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Why It’s High Time For England To Abandon The 4-4-2



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Along with risking salmonella from the matchday catering, a jaunty acceptance of xenophobia and the now-annual day-shift prostitute scandals, the boring old 4-4-2 formation is a staple of the English game.

It’s rigid uniformity and lack of extraneous bells-and-whistles hark back to the days of the empire, when a chap maintained that stiff upper lip even if he were being shot at by the natives or it was his back yard that the doodlebugs were falling in – but it’s this very same lack of tactical malleability that is proving, again and again, to be the downfall of the English national football team.

The actual game of football, in general, is an ever-evolving entity. For the majority of the world’s footballing nations, gone are the days when stout chaps in thick cotton knickerbockers were praised for being willing to ‘play on’ despite a fractured clavicle, and gone too are the days when players were lauded for scoring goals by taking the least number of touches as humanly possible en route – although one last bastion for such outmoded virtues still exists, if you know where to look.

On Tuesday night we were subjected to 90 minutes of some of the most chronically devoid, unimaginative and anti-progressive international football that I have witnessed in a long time (since about the 7th September actually), and yes – it was that bad.

England trudge from the field

A sheer lack of tactical fluidity ensured that England were unable to break down Montenegro’s numerous defense, and the game duly ran it’s course as a depressingly predictable 0-0 stalemate.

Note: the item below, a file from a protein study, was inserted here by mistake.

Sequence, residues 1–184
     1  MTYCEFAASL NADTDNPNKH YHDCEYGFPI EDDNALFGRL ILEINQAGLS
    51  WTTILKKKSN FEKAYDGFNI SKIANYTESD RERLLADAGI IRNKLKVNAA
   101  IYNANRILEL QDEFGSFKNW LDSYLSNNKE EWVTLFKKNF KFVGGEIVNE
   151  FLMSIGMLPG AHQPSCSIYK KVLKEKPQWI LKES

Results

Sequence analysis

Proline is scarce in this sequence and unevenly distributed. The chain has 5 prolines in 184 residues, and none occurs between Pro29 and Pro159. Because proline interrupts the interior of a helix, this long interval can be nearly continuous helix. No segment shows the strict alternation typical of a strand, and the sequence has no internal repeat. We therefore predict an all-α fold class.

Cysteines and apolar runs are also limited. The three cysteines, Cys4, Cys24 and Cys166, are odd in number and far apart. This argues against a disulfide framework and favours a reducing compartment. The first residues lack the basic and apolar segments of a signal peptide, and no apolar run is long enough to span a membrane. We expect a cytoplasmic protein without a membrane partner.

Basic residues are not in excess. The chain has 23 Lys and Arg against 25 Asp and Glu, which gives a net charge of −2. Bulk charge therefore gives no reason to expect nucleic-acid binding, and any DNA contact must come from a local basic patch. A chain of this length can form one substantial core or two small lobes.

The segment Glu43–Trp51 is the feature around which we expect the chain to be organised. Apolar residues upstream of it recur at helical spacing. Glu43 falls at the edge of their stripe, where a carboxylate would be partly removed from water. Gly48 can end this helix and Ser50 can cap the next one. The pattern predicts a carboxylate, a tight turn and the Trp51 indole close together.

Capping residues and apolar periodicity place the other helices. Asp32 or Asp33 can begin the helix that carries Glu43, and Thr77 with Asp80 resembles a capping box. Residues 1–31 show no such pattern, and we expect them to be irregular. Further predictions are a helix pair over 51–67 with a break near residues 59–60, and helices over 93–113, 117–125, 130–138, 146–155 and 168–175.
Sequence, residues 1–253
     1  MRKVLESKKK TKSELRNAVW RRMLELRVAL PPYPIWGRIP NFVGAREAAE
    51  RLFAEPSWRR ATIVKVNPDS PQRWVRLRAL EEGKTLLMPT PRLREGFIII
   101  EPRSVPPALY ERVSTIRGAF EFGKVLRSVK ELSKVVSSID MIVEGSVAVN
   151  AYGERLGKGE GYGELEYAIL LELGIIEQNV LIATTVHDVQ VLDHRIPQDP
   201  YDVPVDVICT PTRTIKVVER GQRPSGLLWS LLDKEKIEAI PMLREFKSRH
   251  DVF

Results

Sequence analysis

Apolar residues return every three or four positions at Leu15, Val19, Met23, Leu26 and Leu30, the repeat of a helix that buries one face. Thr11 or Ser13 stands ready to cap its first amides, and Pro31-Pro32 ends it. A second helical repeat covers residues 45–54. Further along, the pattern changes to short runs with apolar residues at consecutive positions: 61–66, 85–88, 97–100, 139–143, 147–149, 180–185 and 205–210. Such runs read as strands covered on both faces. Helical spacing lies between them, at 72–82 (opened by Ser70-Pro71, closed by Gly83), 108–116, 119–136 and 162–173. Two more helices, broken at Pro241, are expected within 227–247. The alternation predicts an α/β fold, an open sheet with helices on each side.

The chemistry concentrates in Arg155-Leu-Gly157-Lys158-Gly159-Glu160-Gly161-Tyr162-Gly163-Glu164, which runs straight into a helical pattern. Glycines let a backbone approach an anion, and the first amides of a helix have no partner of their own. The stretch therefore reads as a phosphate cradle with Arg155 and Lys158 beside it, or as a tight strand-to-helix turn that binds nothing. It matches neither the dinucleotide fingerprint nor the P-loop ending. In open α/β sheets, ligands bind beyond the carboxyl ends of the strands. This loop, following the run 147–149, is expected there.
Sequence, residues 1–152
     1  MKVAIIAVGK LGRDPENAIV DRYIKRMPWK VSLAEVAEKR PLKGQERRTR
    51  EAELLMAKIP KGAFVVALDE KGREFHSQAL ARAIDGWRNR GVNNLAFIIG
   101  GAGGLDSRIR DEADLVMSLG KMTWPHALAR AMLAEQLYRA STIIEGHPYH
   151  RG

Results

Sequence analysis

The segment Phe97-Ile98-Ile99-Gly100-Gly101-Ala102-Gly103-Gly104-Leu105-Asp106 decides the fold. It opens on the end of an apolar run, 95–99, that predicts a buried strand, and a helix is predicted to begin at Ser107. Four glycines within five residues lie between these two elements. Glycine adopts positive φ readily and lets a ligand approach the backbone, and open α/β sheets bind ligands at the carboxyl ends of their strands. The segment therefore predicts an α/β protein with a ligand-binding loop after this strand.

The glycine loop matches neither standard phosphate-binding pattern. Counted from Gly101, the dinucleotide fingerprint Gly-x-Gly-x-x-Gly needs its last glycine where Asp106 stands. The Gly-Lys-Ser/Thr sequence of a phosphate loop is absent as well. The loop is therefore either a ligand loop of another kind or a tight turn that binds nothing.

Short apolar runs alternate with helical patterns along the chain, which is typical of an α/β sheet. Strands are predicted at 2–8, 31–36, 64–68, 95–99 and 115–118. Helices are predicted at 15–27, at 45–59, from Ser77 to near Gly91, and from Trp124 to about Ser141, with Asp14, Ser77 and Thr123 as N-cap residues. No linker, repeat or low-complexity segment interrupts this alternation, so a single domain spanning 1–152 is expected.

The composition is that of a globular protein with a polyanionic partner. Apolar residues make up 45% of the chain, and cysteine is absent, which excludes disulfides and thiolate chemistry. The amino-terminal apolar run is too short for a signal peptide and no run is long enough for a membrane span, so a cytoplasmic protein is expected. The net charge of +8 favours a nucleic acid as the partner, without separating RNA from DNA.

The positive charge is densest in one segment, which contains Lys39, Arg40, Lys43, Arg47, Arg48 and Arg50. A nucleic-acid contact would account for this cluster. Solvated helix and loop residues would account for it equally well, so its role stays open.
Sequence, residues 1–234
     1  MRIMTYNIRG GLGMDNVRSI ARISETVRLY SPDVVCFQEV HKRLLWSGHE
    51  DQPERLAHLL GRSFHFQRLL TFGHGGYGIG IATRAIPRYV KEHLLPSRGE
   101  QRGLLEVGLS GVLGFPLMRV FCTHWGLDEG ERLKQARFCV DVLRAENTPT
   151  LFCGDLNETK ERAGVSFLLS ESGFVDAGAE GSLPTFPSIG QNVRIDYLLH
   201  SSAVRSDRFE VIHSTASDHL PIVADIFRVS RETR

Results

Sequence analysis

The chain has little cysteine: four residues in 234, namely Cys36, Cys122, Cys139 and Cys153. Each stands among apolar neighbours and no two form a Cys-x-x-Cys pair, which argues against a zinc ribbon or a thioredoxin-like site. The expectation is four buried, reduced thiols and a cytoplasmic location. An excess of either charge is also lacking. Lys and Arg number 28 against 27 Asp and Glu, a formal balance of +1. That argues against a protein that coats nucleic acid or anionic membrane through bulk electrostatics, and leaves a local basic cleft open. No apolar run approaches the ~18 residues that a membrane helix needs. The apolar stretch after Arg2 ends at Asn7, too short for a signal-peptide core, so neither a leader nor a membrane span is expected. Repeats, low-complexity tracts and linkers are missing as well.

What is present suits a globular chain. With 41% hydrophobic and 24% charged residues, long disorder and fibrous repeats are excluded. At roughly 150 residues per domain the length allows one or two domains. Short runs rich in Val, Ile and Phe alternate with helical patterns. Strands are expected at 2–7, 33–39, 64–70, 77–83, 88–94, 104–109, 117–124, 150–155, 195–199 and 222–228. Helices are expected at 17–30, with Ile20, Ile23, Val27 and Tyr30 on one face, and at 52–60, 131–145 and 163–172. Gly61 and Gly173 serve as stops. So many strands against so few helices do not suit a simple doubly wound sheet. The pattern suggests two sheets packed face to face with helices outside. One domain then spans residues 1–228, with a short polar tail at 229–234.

Plan A was to employ a bit of completely futile tiki-taka (I’m sure that’s what they think they’re doing) around the defense and midfield whilst uncontested, then hoof 40-yard balls to the necks of the pygmy wingers as soon as Montenegro decided to try and retain a bit of possession for themselves.

For Plans B and C – see Plan A. Needless to say, neither of the three were particularly effective.

Then came Fabio Capello‘s utterly moronic substitutions. With the game utterly lacking any spark or flow, the Italian coach in all his infinite wisdom decided to stick the status quo and make two identical like-for-like substitutions, with Kevin Davies replacing the ineffective Peter Crouch and perpetual waste of space Shaun Wright-Phillips replacing Ashley Young.

As the 4-4-2 system remained essentially unchanged, no fresh impetus was added and therefore the game rumbled on unabridged. What may seem retina-searingly obvious to you or I, went somehow unnoticed by a manager with nearly 20 years of exemplary experience under his belt.

Why waste Jack Wilshere's creative talents?

The regimentally linear, three-banded 4-4-2 formation is quickly becoming antiquated and obsolete as far as top level football goes.

Nearly all of the better domestic and international sides have now adopted four-banded formations (4-1-2-3 etc.) that allow a certain extent of fluidity within it’s constraints, thus facilitating a much more open and expressive style of football, i.e. what England so desperately needed to break down Montenegro (and the many well-drilled defensive units that have come before them).

Instead, Capello and his numerous predecessors have insisted on making England play ‘the English way’, despite the majority of the players already using the more fluid formations at club level – and that’s the most galling aspect of the whole pathetic charade, England already have the resources in place to change thinks around.

Why remove Jack Wilshere from the U21s (who had an important game themselves) and then not utilise his burgeoning creative talents? Why not free the two dynamic, attacking wingers from their defensive duties (by installing a three man ‘central’ midfield behind them) and allow them to terrorise full-backs? Why not sacrifice a defensive midfielder altogether against teams that the current crop of players should be rolling over with ease?

It doesn’t take a genius, it just takes balls.

Regardless of anomalous results here and there, England (by their own design) have been suffering from this awful creative dearth for nigh-on six years now (feel free to correct me if you think it may be longer than that!) and are in real danger descending into a impotent parody of themselves and their footballing ‘culture’.

A change has got to come.